Expo 67 marked a high point in the history of Montreal and Canada. Organized 50 years ago as part of Canada’s Centennial, this Universal and International Exposition received over 50 million visits. The world discovered Montreal and the city opened up to the world. To commemorate Montreal's 375th anniversary, the McCord Museum presents the exhibition Fashioning Expo 67 from March 17 to October 1, 2017. It is the first time that Expo 67 has been viewed through the prism of fashion, an original concept developed by the Museum.
Embracing visual image, display, and spectacle to promote its optimistic and forward-looking world view, Expo was a watershed moment for Montreal. Its modern mix of art, architecture, technology and design conveyed a message of boldness and creativity that resonated with the Canadian fashion milieu. Young designers and manufacturers alike seized the many opportunities to participate in projects and took advantage of this exceptional showcase to shine on a world stage.
The exhibition features over 60 outfits—hostess uniforms from various pavilions, clothing by Quebec designers—and products from every sector of the Canadian fashion industry, including hats, gloves, umbrellas, purses, jewellery, and even fur. The different sections of the exhibition also display drawings, photographs, archival film footage, and documents. In addition, there are videos of interviews that the Museum conducted with several designers from the era. The exhibition invites visitors to enter the world of Expo 67 and experience the effervescence of Montreal's fashion moment. It was designed and developed by the McCord Museum, under the direction of Suzanne Sauvage, the Museum's President and Chief Executive Officer, and curated by Cynthia Cooper, its Head, Collections and Research, and Curator, Costume and Textiles.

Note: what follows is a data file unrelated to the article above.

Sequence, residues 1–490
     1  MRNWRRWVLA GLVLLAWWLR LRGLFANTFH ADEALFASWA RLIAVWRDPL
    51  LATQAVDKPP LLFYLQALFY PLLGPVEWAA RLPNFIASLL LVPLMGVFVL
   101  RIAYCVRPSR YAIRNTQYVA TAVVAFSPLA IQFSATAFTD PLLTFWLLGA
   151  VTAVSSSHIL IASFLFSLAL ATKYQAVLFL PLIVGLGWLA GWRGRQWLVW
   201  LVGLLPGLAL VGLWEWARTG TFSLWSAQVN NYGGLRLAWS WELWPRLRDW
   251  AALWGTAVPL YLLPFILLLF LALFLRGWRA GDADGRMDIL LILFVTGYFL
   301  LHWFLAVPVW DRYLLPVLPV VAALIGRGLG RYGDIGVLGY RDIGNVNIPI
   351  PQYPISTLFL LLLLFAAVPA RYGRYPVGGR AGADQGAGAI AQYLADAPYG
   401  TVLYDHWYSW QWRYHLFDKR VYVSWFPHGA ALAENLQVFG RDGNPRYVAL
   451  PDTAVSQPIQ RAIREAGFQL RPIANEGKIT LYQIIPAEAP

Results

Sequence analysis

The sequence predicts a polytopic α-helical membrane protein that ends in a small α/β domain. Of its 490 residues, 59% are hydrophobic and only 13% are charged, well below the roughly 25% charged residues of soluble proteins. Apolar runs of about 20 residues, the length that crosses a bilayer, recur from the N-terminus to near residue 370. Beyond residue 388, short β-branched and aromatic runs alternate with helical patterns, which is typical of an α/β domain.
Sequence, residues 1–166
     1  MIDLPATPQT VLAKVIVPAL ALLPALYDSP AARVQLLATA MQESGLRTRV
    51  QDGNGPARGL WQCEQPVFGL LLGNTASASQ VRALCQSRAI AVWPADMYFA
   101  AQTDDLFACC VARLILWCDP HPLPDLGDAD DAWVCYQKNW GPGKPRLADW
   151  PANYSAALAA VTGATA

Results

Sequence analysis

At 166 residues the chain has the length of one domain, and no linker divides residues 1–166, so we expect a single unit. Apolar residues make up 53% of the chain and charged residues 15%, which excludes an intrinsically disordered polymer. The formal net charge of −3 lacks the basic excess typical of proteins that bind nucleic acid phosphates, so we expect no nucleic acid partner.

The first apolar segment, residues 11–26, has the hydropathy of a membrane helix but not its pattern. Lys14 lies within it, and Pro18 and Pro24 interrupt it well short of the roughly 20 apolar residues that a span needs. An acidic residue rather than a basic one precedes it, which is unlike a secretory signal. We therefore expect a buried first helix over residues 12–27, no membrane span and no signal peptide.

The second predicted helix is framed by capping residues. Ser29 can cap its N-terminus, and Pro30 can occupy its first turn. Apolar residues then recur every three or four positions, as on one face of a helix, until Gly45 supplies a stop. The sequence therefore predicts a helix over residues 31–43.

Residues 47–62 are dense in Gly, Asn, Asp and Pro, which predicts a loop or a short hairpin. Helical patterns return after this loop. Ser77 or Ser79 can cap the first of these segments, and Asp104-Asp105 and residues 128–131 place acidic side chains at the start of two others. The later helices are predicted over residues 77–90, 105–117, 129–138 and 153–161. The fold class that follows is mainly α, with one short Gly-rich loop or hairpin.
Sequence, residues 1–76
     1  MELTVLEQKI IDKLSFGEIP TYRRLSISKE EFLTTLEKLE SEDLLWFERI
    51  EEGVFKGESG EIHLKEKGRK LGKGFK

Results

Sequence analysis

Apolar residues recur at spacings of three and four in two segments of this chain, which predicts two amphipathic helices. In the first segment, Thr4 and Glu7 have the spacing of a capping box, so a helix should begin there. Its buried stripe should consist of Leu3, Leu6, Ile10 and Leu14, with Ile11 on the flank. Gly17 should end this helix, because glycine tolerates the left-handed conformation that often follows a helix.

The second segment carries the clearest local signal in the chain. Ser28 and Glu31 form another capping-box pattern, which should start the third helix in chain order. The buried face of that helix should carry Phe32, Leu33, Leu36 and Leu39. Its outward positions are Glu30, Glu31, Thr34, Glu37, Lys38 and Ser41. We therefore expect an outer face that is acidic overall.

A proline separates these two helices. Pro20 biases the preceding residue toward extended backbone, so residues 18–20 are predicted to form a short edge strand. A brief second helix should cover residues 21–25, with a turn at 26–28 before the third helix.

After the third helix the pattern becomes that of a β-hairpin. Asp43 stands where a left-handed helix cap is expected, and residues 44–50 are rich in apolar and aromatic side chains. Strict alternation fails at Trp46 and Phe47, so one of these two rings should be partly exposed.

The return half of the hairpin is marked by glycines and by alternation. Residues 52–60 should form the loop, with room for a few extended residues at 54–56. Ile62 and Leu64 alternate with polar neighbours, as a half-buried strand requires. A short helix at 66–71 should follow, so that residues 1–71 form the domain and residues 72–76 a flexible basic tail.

"Expo 67 was a pivotal event in our history," notes Suzanne Sauvage. "It had a major impact on Montreal architecture, urban planning, culture and society that continues to this day, and the field of fashion also had its moment in the sun. However, though Expo 67 left an indelible legacy, its spotlight on fashion has been all but forgotten. Drawing from the Museum's vast Costume and Textiles collection and to an extensive research on Expo by Cynthia Cooper, the exhibition illustrates the role of fashion during this period of history and the remarkable boost it gave to Quebec designers."
For six months, from April to October 1967, Montreal was taken over by a euphoric, festive atmosphere. Visitors came from all over the globe to explore the 90 thematic and national pavilions on the Expo 67 site, which consisted of an expanded St. Helen's Island and Notre Dame Island, an artificial island built for the occasion. Each pavilion provided a window onto the country or industry that it represented. Eager to show off their achievements and vision for the future, these pavilions relied on hostesses to help create the image they wished to reflect to visitors.
The public face of Expo 67, the many hostesses working on the site all wore distinct uniforms that either stood out as fashion-forward or borrowed from traditional dress. It was an exceptional opportunity for both established and up-and-coming designers to become better known. Furthermore, in 1966, Quebec's Ministère de l’Industrie et du Commerce sponsored a European fashion tour for two young designers, Marielle Fleury and Michel Robichaud, who each created a travel wardrobe from Canadian fabrics accessorized with hats, shoes and jewellery by local designers. Visiting London, Paris, Brussels and Milan, they acted as ambassadors for Expo 67, using fashion to promote Expo 67 abroad. Three outfits from this wardrobe are displayed in the exhibition, accompanied by several archival documents.